Basically, the issue here is that there are limits to which you can change someone’s behavior as well as for how long. In the article above, the subject feels less empathetic and inhibited, but his psychopathy only extends to taking more risks in a video game and pocketing an uncollected tip which he promptly pays back after returning to normal. His comparison point is a special forces soldier who had extensive training and whose skills were honed in real wars. This doesn’t tell us much because military training is a major variable that’s overlooked in such stories. How likely is our non-military test subject to injure or kill someone in a real fight? Probably not very, and here is why. If you ever take a martial arts class, you’ll spend the first few weeks apologizing if you do manage to land a punch on your sparring partner and the instructors will yell at you for going far too easy on your blows and tackles. You’ll shy away from jabs and your natural instinct will be to flinch or fall back when attacked, not to calmly stand your ground. Humans are social creatures and they tend to be averse to hurting each other in the vast majority of cases.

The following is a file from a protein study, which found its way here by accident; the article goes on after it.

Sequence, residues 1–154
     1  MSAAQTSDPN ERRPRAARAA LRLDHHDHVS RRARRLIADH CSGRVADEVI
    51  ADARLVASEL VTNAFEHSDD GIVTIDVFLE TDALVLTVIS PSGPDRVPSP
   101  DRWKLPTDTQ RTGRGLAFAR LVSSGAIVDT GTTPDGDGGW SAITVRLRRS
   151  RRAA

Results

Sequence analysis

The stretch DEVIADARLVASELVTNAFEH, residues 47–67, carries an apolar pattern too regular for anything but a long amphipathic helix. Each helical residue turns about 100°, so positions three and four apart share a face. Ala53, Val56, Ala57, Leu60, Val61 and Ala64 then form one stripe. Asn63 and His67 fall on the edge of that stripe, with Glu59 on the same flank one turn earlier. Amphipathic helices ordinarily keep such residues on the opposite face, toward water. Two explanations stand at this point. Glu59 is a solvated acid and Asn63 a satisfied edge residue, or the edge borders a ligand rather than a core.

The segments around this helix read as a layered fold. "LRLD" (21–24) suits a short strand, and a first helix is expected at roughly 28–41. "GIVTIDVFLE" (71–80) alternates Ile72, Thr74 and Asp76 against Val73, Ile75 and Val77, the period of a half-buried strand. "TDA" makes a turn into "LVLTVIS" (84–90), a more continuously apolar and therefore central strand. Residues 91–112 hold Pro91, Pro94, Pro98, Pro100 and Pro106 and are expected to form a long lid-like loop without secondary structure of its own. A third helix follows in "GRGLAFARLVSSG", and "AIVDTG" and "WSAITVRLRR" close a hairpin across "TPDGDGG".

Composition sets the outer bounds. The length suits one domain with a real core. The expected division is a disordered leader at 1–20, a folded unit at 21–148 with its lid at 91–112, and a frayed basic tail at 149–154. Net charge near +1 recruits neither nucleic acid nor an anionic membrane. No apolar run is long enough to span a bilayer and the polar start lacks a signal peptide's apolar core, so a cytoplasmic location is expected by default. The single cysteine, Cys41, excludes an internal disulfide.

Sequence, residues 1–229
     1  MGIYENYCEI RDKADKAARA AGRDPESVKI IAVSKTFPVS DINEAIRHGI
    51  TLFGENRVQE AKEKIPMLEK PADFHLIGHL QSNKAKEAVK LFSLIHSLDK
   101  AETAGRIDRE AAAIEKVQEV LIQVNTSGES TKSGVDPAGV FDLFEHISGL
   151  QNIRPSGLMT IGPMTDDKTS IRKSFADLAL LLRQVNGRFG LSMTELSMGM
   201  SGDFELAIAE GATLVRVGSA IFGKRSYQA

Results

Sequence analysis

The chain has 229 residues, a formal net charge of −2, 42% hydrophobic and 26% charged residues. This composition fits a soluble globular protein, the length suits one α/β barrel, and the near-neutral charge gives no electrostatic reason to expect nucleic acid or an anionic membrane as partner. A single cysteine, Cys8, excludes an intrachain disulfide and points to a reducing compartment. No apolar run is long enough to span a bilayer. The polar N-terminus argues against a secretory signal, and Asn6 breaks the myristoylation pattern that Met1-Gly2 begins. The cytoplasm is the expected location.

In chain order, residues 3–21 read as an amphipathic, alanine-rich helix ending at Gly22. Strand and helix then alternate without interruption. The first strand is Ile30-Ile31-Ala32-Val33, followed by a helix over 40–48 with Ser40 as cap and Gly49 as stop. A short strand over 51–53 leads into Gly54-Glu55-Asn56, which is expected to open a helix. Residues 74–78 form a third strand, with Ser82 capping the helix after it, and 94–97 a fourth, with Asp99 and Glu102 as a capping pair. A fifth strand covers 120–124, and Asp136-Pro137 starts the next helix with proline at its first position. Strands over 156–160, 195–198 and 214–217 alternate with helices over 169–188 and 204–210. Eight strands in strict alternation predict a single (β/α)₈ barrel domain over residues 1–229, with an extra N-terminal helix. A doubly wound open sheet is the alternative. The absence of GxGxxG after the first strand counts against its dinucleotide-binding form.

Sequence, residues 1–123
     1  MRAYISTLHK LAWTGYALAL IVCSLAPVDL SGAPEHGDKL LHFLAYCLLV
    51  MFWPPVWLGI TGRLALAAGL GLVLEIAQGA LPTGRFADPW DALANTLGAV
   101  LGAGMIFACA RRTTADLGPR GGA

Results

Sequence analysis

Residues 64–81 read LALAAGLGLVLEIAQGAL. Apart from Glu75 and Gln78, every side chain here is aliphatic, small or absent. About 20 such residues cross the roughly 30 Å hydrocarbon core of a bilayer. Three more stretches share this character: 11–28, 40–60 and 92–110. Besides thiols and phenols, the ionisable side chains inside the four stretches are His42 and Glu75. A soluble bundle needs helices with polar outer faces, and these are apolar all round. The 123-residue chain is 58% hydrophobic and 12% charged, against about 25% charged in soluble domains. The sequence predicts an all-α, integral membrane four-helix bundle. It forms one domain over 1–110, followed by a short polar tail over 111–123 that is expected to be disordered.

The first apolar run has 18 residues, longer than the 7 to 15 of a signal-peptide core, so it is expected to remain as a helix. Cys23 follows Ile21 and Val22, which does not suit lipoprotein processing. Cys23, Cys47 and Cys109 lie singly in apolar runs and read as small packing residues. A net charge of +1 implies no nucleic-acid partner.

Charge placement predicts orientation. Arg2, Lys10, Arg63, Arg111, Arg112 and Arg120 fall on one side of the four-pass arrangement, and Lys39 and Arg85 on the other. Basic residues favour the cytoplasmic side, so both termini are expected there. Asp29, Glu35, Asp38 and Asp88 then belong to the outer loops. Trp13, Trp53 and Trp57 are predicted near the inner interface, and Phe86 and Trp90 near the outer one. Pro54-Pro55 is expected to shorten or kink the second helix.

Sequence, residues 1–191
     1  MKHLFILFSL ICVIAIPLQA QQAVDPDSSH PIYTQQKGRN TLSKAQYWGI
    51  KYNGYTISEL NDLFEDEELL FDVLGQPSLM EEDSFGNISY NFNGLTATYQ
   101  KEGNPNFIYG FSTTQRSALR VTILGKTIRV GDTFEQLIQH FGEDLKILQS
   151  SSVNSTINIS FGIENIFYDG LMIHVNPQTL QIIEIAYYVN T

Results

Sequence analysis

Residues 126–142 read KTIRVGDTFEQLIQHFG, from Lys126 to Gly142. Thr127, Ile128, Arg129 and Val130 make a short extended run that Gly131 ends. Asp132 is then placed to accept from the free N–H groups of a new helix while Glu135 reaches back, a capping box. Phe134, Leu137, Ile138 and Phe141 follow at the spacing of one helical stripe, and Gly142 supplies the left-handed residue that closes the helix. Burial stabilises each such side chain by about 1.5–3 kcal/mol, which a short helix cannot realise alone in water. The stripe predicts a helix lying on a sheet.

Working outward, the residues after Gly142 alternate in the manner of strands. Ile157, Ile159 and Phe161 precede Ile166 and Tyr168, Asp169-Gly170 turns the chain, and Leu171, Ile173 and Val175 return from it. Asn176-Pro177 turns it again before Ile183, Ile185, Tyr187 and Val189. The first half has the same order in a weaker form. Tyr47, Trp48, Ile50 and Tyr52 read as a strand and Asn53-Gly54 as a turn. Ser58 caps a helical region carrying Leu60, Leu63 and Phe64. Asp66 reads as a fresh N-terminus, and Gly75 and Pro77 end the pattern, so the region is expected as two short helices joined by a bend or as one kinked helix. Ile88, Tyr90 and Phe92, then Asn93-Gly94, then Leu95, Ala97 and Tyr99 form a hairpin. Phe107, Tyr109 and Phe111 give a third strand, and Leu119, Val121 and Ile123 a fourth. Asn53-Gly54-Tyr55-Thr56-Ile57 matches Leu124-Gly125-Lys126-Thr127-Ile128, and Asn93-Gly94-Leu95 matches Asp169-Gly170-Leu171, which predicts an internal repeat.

True, we can be induced into hurting others with money or threats, and we do know how to train someone not to shy away from fights and to overcome the natural aversion to real violence. But the experimental subject in question appears to have never had any combat training or martial arts background. He may be less averse to getting into a fight because his impulse control was radically lowered, but chances are that he’ll run for it if he picks a fight with someone who’s able to hold his own or when he realizes that he’s about to get hurt. Likewise, he’s unlikely to punch as hard or as accurately as someone who’s had some real training. All in all, he may be a major menace to unwatched tips in a bar and in Grand Theft Auto, but he’s most probably not a threat to flesh and blood humans. His former special forces friend? Absolutely, but he seems to have no need to be zapped into an emotionally detached state and has his impulses pretty well under control. On top of that, were we to just zap or drag a random person into a psychopathic malice, there’s simply no telling whether he would turn on his friends and handlers or not, a chance no evil, self-respecting mastermind of the New World Order would want to take.